• Acceptance of private experiences is the active embracing of all human experiences (e.g., thoughts, emotions, urges and memories) without trying to fight them or change their form or frequency, and in the service of response flexibility. Athletes will often strive to not feel nervous or to boost their sense of confidence. If they are willing to experience the full range of emotions that are a natural part of elite sport (also being nervous and unconfident), they are more likely to be able to respond flexibly and values-based to challenges that arise.
  • Cognitive defusion is the ability to observe one’s own uncomfortable thoughts without automatically taking them literally; to take a step back, detach from them and let them come and go as if they were leaves floating down a stream. In high-pressure situations, many athletes have thoughts like “I cannot do this” or “anything that is not perfect is not worth doing at all”. Taking such thoughts too literally could make the athletes quit or take certain difficult elements out of their game. But these thoughts are natural and not easily eliminated. A range of techniques has been developed to promote a modified relationship with inner experiences such as thoughts (i.e., to defuse from them) rather than to alter their form or frequency.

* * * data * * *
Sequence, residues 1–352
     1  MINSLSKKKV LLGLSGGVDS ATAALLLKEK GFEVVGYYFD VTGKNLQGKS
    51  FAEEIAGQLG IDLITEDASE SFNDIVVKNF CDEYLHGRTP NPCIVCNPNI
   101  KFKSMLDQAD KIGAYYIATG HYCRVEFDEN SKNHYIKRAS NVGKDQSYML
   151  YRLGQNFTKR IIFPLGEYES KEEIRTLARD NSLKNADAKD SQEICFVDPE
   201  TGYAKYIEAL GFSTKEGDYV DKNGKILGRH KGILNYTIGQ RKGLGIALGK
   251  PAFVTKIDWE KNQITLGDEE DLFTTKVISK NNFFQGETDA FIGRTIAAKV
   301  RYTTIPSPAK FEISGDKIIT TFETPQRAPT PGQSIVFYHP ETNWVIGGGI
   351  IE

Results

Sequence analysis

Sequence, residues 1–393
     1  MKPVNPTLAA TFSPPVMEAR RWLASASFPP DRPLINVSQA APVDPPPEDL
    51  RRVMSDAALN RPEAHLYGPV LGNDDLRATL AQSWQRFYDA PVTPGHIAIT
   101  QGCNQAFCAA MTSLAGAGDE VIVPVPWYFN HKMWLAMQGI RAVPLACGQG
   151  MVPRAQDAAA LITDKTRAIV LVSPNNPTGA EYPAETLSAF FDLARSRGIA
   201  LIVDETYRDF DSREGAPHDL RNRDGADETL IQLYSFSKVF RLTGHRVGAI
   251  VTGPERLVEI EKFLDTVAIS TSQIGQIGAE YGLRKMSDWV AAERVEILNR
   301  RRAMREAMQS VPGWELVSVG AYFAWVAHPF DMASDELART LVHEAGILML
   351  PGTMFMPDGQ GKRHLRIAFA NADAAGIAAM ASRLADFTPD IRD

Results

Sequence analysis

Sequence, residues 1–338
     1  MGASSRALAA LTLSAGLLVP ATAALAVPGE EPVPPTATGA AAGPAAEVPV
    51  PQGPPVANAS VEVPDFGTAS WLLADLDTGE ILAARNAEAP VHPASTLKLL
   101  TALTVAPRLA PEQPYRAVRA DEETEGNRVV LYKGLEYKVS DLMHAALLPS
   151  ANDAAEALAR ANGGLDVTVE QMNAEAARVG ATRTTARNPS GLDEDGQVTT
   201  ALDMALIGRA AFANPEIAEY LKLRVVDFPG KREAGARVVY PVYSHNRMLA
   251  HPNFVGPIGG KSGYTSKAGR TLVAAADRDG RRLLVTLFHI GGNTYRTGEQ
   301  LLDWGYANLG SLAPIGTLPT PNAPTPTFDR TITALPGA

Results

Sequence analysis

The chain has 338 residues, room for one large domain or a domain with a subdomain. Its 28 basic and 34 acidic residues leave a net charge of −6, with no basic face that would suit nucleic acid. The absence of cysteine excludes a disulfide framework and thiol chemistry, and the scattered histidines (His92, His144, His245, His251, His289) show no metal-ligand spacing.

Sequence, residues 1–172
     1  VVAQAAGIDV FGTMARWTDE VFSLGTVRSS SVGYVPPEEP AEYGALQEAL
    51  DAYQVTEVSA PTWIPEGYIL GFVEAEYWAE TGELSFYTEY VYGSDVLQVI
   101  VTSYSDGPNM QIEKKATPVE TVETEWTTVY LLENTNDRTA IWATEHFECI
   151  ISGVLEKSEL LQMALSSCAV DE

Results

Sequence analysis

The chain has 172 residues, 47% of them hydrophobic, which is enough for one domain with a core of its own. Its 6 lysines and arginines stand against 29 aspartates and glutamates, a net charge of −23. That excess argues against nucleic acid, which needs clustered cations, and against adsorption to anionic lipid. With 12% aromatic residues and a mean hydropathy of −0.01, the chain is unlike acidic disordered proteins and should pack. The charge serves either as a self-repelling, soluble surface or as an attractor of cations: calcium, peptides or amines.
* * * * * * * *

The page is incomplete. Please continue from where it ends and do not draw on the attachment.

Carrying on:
Figure 1.1
    Figure 1.1 The ACT Hexaflex Model
    Source: Copyright Steven C. Hayes. Used by permission.
  • Contact with the present moment means being able to direct attention flexibly and voluntarily to present external and internal events. It is a nonjudgmental awareness of what is going on and the ability to engage with what happens is the moment. Athletes will often find their attention is automatically drawn to the past (“why did I miss that point?”) or future (“If I lose this game, I may not be able to